Protect and Preserve Deferred Action for Childhood Arrivals (DACA)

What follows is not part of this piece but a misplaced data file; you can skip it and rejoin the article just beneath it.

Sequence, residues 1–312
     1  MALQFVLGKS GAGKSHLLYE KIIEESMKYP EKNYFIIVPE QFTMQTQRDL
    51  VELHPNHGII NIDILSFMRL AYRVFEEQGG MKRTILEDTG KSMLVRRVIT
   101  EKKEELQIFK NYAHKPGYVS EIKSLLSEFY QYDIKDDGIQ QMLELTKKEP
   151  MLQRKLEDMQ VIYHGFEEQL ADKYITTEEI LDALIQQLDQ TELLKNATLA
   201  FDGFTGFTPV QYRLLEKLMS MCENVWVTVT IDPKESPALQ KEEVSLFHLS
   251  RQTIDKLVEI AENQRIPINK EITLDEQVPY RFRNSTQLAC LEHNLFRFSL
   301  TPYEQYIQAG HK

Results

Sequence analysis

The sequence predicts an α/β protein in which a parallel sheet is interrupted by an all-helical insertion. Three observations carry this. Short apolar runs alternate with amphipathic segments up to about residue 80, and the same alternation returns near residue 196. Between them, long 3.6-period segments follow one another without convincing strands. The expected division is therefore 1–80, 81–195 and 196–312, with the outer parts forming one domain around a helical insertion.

As a result of the recent election, the time to preserve vital progress in our nation has come. President-elect Donald Trump’s anticipated immigration plans pose a significant threat to undocumented immigrants nationwide. Undocumented high school graduates wishing to go on to college to further their education, wanting nothing more than to contribute to their communities and to the United States, face a harsh reality after graduating high school. DACA presented hope for a future for many undocumented students across the country. Young children and young adults with aspirations of becoming future doctors, teachers, lawyers, and countless other career paths were given an opportunity to pursue their dreams when Obama announced the DACA program. Donald Trump plans to terminate this, effectively ending all young undocumented students' hopes of obtaining driver’s licenses, work permits, and a college education and putting them at an increased risk for deportation. What is DACA?“Deferred Action for Childhood Arrivals (DACA) is a kind of administrative relief from deportation. The purpose of DACA is to protect eligible immigrant youth who came to the United States when they were children from deportation. DACA gives young undocumented immigrants: 1) protection from deportation, and 2) a work permit. The program expires after two years, subject to renewal. PLEASE NOTE: DACA does not grant a path to permanent residency or citizenship. The DREAM Act, which would lead to permanent residency, has NOT passed.” http://undocu.berkeley.edu/legal-support-overview/what-is-daca/ “On June 15, 2012, the Secretary of Homeland Security announced that certain people who came to the United States as children and meet several guidelines may request consideration of deferred action for a period of two years, subject to renewal. They are also eligible for work authorization. Deferred action is a use of prosecutorial discretion to defer removal action against an individual for a certain period of time. Deferred action does not provide lawful status.” https://www.uscis.gov/humanitarian/consideration-deferred-action-childhood-arrivals-daca DACA Eligibility RequirementsYou may request DACA if you: 1. Were under the age of 31 as of June 15, 2012; 2. Came to the United States before reaching your 16th birthday; 3. Have continuously resided in the United States since June 15, 2007, up to the present time; 4. Were physically present in the United States on June 15, 2012, and at the time of making your request for consideration of deferred action with USCIS; 5. Had no lawful status on June 15, 2012; 6. Are currently in school, have graduated or obtained a certificate of completion from high school, have obtained a general education development (GED) certificate, or are an honorably discharged veteran of the Coast Guard or Armed Forces of the United States; and 7. Have not been convicted of a felony, significant misdemeanor,or three or more other misdemeanors, and do not otherwise pose a threat to national security or public safety. DACA is not amnesty, nor a direct path to citizenship. DACA allows eligible immigrants to obtain a driver’s license, obtain a work permit, and stay in the country to work toward a path to citizenship without great risk of deportation. Thanks to DACA, these immigrants can share their experiences and talent while developing their skills and education as they work to establish themselves as U.S. Citizens. Pew Research Center estimates there are 11.1 undocumented immigrants in the country while the Department of Homeland Security estimates there are 11.4 undocumented immigrants in the United States as January of 2012—the number only continues to increase. These immigrants are our friends, neighbors, classmates, coworkers, and students. President Obama’s announcement of DACA: https://www.youtube.com/watch?v=6RXSlMu5EDI Obstacles Faced by Immigrants · “Most immigration lawyers charge between $5,000 to $7,500 to accompany a client through the green card process.” (http://abcnews.go.com/Business/story?id=87996&page=1 · “Some cases can cost closer to $15,000 before adding on application fees and any potential family members.” (http://abcnews.go.com/Business/story?id=87996&page=1 · “Applicants can spend years marked by a feeling of lost opportunity and helplessness as they wait for the process to conclude.” (http://abcnews.go.com/Business/story?id=87996&page=1 · Many colleges do not accept DACA students · Out of state tuition for many DACA college students if they can find a college that accepts them · FAFSA cannot be utilized by undocumented students and many scholarships cannot be awarded to undocumented students, putting them at a major disadvantage when it comes to the college application process. · Constant association and comparison to terrorists and criminals—including racial profiling. While terrorists and immigrants with malicious intent do get into the country, this is a very small proportion and must not be overgeneralized to the population as a whole. Immigrants, legal or undocumented, tragically face a growing hatred that has been inspired by negative framing of immigrants, use of misleading information, and the strategy of using them as scapegoats. · Immigration raids in their communities · Being forcibly taken or separated from their families. Children are often separated from their parents because of the deportation process. Without DACA:• According to the Migration Policy Institute, there are an estimated 1,932,000 DACA eligible immigrants in the U.S. If Donald Trump carries through with his plans to end DACA, these almost 2 million immigrants will be unable to obtain driver’s licenses and work permits, will not be able to work toward their educational dreams, and will be at great risk for deportation • We will be ending the work, progress, and achievements of young immigrants. All of their hard-work and progress will essentially be destroyed • According to the American Psychological Association, there are one million children under the age of 18 who are undocumented and 4.4 million under the age of 30. Those who currently are in the DACA program or are eligible for DACA, will be at major risk for deportation if DACA is ended. • We will be ending the educational paths of future doctors, businessmen and women, skilled trade workers, teachers, and more • We will be tearing apart and ruining families who only wish to work toward becoming U.S. citizens Please pledge your support to prevent the termination of this vital program and show Donald Trump we do not want to see these young, hardworking, patriotic immigrants separated from their families and forced out of our country. Let us show President-elect Donald Trump that these young students want nothing more to contribute to our country by protecting the program that allows them to work toward their ultimate goal of becoming U.S. citizens. Please remember that DACA is just one program that is in place to help immigrants assimilate into our nation. With Donald Trump’s election, this is only one facet of the immigration progress that is at risk. There is much more that needs to be done. This is just one step. Please share this with friends, family, and coworkers, and remember that we must all come together as Americans or watch our great nation continue to grow divided and crumble before our eyes. Resources and Further Information: https://www.dhs.gov/immigration-statistics http://www.migrationpolicy.org/article/frequently-requested-statistics-immigrants-and-immigration-united-states https://immigrationforum.org/ http://inthecountrywelove.com/ http://www.nationalimmigrationproject.org/ https://www.ilrc.org/ https://www.nilc.org/ http://saalt.org/policy-change/immigrant-rights/daca-stories/ http://unitedwedream.org/dreamer-narratives/daca-stories-arian/ https://www.americanprogress.org/issues/immigration/news/2015/07/09/117054/results-from-a-nationwide-survey-of-daca-recipients-illustrate-the-programs-impact/ http://www.migrationpolicy.org/programs/data-hub/deferred-action-childhood-arrivals-daca-profiles http://www.apa.org/topics/immigration/undocumented-video.aspx https://thinkprogress.org/heres-how-much-trump-s-mass-deportation-policy-would-cost-everyone-3e19f51ff8cf#.8ey83fmt6